Jake Oelman on his SXSW film about his father Robert, a former psychologist who left his life behind to move to Colombia where he spends his days photographing rare insects.

Learning To See

Jeremy Berkowitz hears about insects, the art of capturing nature, and what each man learned about the other in the process of making the film.

Jerry Aronson (Chasing Ice) produced Learning To See. Submarine Entertainment represents worldwide sales to the Documentary Spotlight selection that premieres on Sunday.

I just wanted to say that since the film ended insects and their role in life has been on my mind.
Robert Oelman:
We don’t think about insects. We don’t think about them except for the insects that come into our house and bother us. Every day some insect is trying to get my blood. So, I’m thinking about them. But the kind of insects you see in the photos are not those insects. They’re really from the deep jungle in the Amazon. It’s a totally different ball game.

Why did you decide that now was the time to take on this subject matter?
Jake Oelman:
I really have been working on this for a long time. I think that the idea was planted in my mind probably back in 2005. As my dad’s photography progressed, I would go and visit him and see what he was working on. From there my idea of this film progressed as well. And I think there was probably that time around 2011 or 2012 where he was really amassing a large number of insect photos that I had never seen anything quite like before. It was kind of a natural progression.

What was it like being filmed by your son?
It felt pretty natural. I’m used to Jake with a camera. For the filming part, I was comfortable because I really appreciate the interest. Normally, nobody takes any interest into what I’m doing. So, that was cool.

What’s the biggest thing you learned about each other’s art in this process?
It’s a very miraculous kind of thing. When I originally started, with the idea back in 2005, my main interest at that point was that my dad had moved to South America and started his life anew. Anytime that anyone would ask me about my dad, and I would tell him the story they were always fascinated. They wondered how someone could pick up and leave their old life behind, and start a new life for themselves.

That was kind of the nucleus of the idea for me. But as the years went by he just really started to focus on these insects, and the photography just kept getting better and better and better. So, when you watch your father grow in that capacity and become and artist and become more comfortable in his skin, he really is a different person from the guy I grew up with. That was really rewarding for me. You know, I’m an artist, too. So, there was a lot of validation in seeing that process unfold.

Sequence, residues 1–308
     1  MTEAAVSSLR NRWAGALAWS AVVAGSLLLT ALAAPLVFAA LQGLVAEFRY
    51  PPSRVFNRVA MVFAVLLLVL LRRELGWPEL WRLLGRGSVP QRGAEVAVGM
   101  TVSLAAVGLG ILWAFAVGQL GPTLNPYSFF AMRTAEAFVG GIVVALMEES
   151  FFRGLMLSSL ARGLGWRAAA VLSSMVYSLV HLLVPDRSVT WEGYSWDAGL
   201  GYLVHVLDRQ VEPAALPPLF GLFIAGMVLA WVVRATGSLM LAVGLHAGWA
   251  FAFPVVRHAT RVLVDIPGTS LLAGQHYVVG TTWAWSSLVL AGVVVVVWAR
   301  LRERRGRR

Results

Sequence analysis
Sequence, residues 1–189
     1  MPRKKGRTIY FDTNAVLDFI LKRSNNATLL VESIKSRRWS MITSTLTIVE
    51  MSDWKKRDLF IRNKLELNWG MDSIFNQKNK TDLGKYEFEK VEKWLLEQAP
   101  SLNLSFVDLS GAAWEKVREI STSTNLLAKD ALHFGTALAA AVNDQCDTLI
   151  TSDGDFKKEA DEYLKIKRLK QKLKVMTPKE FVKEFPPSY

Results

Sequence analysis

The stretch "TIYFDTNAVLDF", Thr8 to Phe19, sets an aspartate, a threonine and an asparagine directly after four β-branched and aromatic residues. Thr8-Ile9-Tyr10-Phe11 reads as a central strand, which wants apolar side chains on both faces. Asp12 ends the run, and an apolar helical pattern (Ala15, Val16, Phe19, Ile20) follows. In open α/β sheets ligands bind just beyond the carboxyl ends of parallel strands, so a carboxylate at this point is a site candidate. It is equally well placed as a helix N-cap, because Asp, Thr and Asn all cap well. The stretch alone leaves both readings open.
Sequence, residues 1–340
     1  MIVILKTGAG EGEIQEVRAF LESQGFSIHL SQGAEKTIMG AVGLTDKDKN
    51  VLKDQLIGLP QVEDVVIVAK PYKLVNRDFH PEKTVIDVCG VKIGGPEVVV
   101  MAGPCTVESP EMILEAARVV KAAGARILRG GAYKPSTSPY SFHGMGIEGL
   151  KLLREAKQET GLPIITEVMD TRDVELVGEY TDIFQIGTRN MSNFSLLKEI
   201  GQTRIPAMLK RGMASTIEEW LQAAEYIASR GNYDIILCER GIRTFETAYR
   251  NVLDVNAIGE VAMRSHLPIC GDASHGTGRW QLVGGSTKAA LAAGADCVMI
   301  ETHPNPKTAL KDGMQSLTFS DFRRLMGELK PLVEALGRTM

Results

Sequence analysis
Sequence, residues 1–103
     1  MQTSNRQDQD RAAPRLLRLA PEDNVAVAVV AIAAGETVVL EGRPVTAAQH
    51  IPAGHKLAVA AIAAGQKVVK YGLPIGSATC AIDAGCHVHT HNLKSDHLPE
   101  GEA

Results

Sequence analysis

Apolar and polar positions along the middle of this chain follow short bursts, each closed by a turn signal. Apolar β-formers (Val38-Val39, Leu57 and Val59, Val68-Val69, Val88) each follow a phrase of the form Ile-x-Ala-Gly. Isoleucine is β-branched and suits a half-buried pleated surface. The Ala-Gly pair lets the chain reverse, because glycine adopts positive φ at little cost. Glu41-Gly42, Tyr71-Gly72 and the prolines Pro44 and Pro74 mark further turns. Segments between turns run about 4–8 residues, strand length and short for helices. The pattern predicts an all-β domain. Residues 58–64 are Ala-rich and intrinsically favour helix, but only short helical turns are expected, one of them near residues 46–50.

RO: Going back four years ago, I didn’t know if Jake was organised enough to put all the pieces together for a documentary. In the last four or five years, I’ve learned that Jake knows how to put everything together. It’s very complicated doing any kind of film, and he’s putting all these pieces together. It makes it really good work. That’s one thing I learned anyway.

I noticed there was video in the film of the insects that was just as beautiful as the photos. Who captured those?
That was video that I shot. What we had talked about beforehand was just talking making sure that I had good macro lenses when I was going on the trip. I shoot everything in prime lenses. Every once in a while I’ll use a zoom. The filming was so much of a balancing act. I’m trying to focus on the work and what he’s doing and his reaction to what he’s doing. But I also need to focus on what he’s focusing on.

So, if he would get finished shooting a subject, then I would often slide in there, get my macro lens on, and shoot as much coverage as I could before we had to move onto the next subject, whether that was a spider or a tree hopper or katydid [bush cricket] or what have you. This was my first time shooting macro and shooting nature. And I learned that it’s really difficult. I had a new appreciation for what he is able to do technically.

Robert, does the empathy you’ve grown for these insects help expand your empathy for all humanity?
So, I’m doing the work with the insects and I’m getting a sense of what their reactions are to being handled; to being photographed. Many of them have similar reactions that perhaps a person would have. For example, frequently an insect will be scared by the appearance of the camera. It will turn around in circles to avoid seeing the camera. So, they have fear reactions like people do. The thing about caring about insects is it carries over to caring about all kinds of animals. So, now I have much more empathy for every animal. I’m not as much focused on people now, but it does carry over.

Off the top of your head, Jake, can you describe your favourite image you’ve seen your dad take?
It’s hard to say one picture or one image. But I think some of the katydids. They have incredible features — pink horns, blue mandibles, and different coloured spots on their faces. There’s just something so intricate and interesting when you look at those facial structures. I don’t see it that you’re seeing an insect. It’s almost like you’re seeing another type of sentient being. That really had a big impact on me. Before this I was squeamish of your household insect. But now you have a mantis or a katydid on your hand. It’s just this childlike curiosity that takes over — you’re really in the presence of something special.

If there’s one thing you hope people would take from the movie what would it be?
In general, I would hope people looking at the movie would have a greater appreciation for the natural world and get more into nature. People nowadays are people of the city. They don’t know much out nature. Get out and appreciate the life forms out here and the planet as a whole.